singing Frank Sinatra and performing his heart out but…was
No one was standing.
He was belting, “I Ain’t Got Nobody” for all the local movers and shakers. Even the mayor in the audience.
But everyone seemed so uptight.
I felt badly for him (and everyone else for that matter).
Then someone did something.
And magic happened.
It was so powerful that it generated a new energy in the crowd, then everyone started dancing, and ultimately the show reached an entirely new level.
What Happens When a Leader Shows Up?
Just a few rows in front of us a mysterious person stood up and started dancing.
Then someone joined him, and it caused a ripple effect.
By the end of song, everyone stood up and the party finally started.
Interestingly Darius Rucker started singing better and the band cranked on harder.
The mysterious person was…
Dan Marino (Hall of Fame NFL Quarterback).
Sometimes it Takes some Leading at the Office
How many times in Corporate are there things to be fixed?
What’s it like when you’re in a meeting where no one wants to talk about the real issue?
Everyone is feeling it, but not a soul is doing anything about it.
Then one person bravely says, “You know I think something here can be better, I’d like to try x…”.
Someone just needs to start something, and it can have the same ripple effect that Dan Marino generated at the concert.
Bravery at the Office Feels Risky
Dan Marino took a risk that could have left him dancing solo in front of 1,000 people, but he didn’t think.
He just reacted in the moment.
Often times in Corporate you’re encouraged to take risk, but if you’re out there dancing alone for too long you could end up demoted, reprimanded, or even worse.
I was inspired by Seth Godin when I read:
“The purpose of the modern organization is to make it easy and natural and expected for people to take risks. To lean out of the boat. To be human. Alas, most organizations do the opposite. They institutionalize organized cowardice. They give their people cover, a place to hide, a chance to say, “that’s not my job.”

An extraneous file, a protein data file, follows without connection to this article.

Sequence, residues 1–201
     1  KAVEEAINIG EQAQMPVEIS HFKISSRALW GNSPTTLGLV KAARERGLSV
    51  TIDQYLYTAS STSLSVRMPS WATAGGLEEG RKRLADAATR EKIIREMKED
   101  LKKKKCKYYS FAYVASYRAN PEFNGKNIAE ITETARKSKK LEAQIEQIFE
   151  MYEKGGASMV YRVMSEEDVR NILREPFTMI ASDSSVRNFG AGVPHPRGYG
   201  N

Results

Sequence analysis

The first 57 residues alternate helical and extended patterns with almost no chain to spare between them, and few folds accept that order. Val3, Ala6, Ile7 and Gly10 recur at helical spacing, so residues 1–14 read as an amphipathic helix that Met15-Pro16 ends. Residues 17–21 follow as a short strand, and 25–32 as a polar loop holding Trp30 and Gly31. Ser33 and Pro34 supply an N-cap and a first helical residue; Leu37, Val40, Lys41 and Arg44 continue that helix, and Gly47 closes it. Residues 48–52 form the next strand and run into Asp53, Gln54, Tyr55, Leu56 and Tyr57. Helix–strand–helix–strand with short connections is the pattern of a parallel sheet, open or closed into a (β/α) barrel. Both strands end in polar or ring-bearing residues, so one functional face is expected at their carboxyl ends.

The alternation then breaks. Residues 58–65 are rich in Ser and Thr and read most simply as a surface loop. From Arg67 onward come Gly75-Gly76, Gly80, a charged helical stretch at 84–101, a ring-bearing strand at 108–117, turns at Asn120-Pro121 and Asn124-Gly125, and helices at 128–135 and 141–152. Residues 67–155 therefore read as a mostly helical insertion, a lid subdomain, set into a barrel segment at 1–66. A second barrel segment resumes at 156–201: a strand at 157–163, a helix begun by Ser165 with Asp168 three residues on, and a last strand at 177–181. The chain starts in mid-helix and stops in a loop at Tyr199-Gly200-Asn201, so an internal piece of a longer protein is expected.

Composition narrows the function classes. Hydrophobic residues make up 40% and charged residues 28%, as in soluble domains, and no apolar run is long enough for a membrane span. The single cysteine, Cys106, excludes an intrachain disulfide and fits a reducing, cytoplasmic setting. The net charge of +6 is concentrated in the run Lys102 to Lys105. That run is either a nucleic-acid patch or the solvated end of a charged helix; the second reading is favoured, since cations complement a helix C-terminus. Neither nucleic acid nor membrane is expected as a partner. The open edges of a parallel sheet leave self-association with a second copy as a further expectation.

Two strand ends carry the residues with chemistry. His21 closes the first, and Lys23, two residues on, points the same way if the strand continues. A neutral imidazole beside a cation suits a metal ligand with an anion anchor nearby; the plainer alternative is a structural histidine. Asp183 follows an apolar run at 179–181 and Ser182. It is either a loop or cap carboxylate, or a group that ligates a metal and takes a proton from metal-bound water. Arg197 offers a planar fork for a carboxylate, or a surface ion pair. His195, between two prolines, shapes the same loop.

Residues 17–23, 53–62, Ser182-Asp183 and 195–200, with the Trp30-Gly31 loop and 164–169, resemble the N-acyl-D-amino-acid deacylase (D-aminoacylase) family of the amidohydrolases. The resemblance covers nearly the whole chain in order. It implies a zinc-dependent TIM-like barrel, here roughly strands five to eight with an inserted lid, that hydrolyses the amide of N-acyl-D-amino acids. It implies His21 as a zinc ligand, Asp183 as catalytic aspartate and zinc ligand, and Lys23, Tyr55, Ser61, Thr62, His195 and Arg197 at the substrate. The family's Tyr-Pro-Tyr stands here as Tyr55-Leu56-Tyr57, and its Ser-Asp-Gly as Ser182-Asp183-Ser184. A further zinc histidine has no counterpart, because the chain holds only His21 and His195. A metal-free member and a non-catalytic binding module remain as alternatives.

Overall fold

This “hiding” mindset can impact your career and ultimately have you doing the same job for years without any change.
If you stay at status quo, you’ll end up frustrated and burned out.
Over the long haul, your career will only thrive if you’re willing to make a stand, learn from doing it, and then embrace the results.
This can be the richest enjoyment of your career, but it takes practice and most importantly…getting started.
Ultimately when you establish your career on bravery you always reap the benefits (and so does your organization).
How to Take your First Brave Step at the Office
If you’ve been working in Corporate a while, you might be feeling a bit anxious about all of this.
Here is an easy way to get started so you can test it and see what happens.
Start by looking within your office. What’s been gnawing at you forever but nothing’s changed?
What if today you took some initiative to fix it?
First, announce you’re going to do and then actually deliver.
See what happens.
Maybe what you’re bringing triggers a movement within the office.
Maybe people stand up.
Maybe the leaders start leading more.
Maybe people start having fun and owning it!
Maybe you reignite your career!
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- Hating your Job Gets Into Your Bones, Head, and Heart (and what to do about it) (benfanning.com)
- What HR Doesn’t Tell You about Your Annual Performance Review (benfanning.com)
- How Job Burnout is like a Nagging Injury (benfanning.com)